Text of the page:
Pay transparency is coming to the District of Columbia (DC). Bill 25-194, or the Wage Transparency Omnibus Amendment Act of 2023 will require employers to include salary information in job listings.  DC’s Wage Transparency Act aims to address one of the worst pay gaps for women of color in the US. Subject to approval by the Mayor and Congress, the bill will take effect on June 30, 2024. In this article, we consider the current pay gap in DC, the impact of legislation, and take a look at the most recent pay equity laws. 

Income disparities in DC

National Women’s Law Center (NWLC) figures reveal an overall wage gap of 15% in DC, below the national average. But that is far from the whole picture. The pay gap for women of color is alarming. Black women who work full-time in DC earn just 52 cents for each dollar White men make. That’s below the national average for Black women of 67 cents, and almost the lowest recorded of any US state.  Pay transparency legislation is aimed at addressing these income disparities. 

District of Columbia Pay Transparency

DC’s wage transparency act includes the following requirements for employers:  Salary disclosure: Minimum and maximum projected salary ranges or hourly pay  must be included in all job listings and job descriptions. Employee benefits disclosure: Prior to their initial interview, employers must advise job candidates of the appropriate “schedule of benefits, including bonuses, healthcare and other wellness benefits, stocks, bonds, options, equity, and nonmonetary remunerations.” Wage history ban: Employers cannot screen job applicants based on their wage history. A salary history ban is also in place.  Some may find the pay gap in DC surprising, given that the federal government is the capital’s largest employer with over 300,000 employees. But the federal government is committed to strengthening pay protections. Steps taken to address gender and racial pay gap issues include the following:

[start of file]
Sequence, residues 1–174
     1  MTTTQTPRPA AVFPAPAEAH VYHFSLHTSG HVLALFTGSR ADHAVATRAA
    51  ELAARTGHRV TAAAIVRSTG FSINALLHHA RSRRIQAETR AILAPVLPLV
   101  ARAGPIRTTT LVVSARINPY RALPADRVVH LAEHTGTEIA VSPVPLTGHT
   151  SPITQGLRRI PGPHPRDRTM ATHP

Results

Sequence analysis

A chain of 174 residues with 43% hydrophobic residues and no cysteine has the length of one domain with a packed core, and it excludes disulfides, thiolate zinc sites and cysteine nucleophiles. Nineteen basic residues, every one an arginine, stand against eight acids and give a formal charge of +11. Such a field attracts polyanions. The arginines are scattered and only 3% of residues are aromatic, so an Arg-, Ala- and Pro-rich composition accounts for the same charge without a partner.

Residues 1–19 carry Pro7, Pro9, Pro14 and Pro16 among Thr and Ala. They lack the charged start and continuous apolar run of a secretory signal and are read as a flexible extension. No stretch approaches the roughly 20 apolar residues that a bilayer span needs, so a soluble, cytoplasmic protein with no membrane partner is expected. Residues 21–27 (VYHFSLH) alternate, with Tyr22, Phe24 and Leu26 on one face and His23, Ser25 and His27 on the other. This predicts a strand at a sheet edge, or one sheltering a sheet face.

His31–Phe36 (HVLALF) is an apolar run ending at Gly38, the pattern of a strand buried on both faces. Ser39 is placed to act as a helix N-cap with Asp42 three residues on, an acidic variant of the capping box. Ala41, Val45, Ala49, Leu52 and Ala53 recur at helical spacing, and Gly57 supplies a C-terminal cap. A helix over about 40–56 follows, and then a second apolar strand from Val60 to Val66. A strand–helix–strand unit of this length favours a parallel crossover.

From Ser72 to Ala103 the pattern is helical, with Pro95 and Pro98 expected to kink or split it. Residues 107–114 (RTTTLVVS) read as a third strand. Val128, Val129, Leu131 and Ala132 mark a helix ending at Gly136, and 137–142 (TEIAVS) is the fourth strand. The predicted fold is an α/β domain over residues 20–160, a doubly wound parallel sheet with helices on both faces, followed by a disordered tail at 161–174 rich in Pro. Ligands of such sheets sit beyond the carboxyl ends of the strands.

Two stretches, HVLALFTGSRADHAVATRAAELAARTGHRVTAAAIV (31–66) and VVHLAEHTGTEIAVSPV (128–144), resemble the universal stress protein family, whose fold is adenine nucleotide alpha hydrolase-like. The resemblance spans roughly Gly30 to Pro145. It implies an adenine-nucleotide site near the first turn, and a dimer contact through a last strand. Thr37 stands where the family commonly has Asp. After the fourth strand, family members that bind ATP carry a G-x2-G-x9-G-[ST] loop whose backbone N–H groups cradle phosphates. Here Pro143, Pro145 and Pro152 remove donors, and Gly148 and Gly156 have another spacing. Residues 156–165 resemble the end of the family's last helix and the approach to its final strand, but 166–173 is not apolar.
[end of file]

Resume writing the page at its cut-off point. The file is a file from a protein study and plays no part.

• Advancing equal pay is a targeted priority of the Equal Employment and Opportunity Commission’s (EEOC) strategic enforcement plan. 
  • Updated OFCCP compliance requirements for compensation audits are aimed at closing the gender pay gap at federal level.
  • Introduction of a national “Salary Transparency Act,” which would require salary disclosure to be included in all job listings. 
  • If successful, the Paycheck Fairness Act will strengthen the Equal Pay Act and ensure women have the right to challenge pay discrimination. 

How Does D.C.’s Law Compare with State Pay Transparency Laws?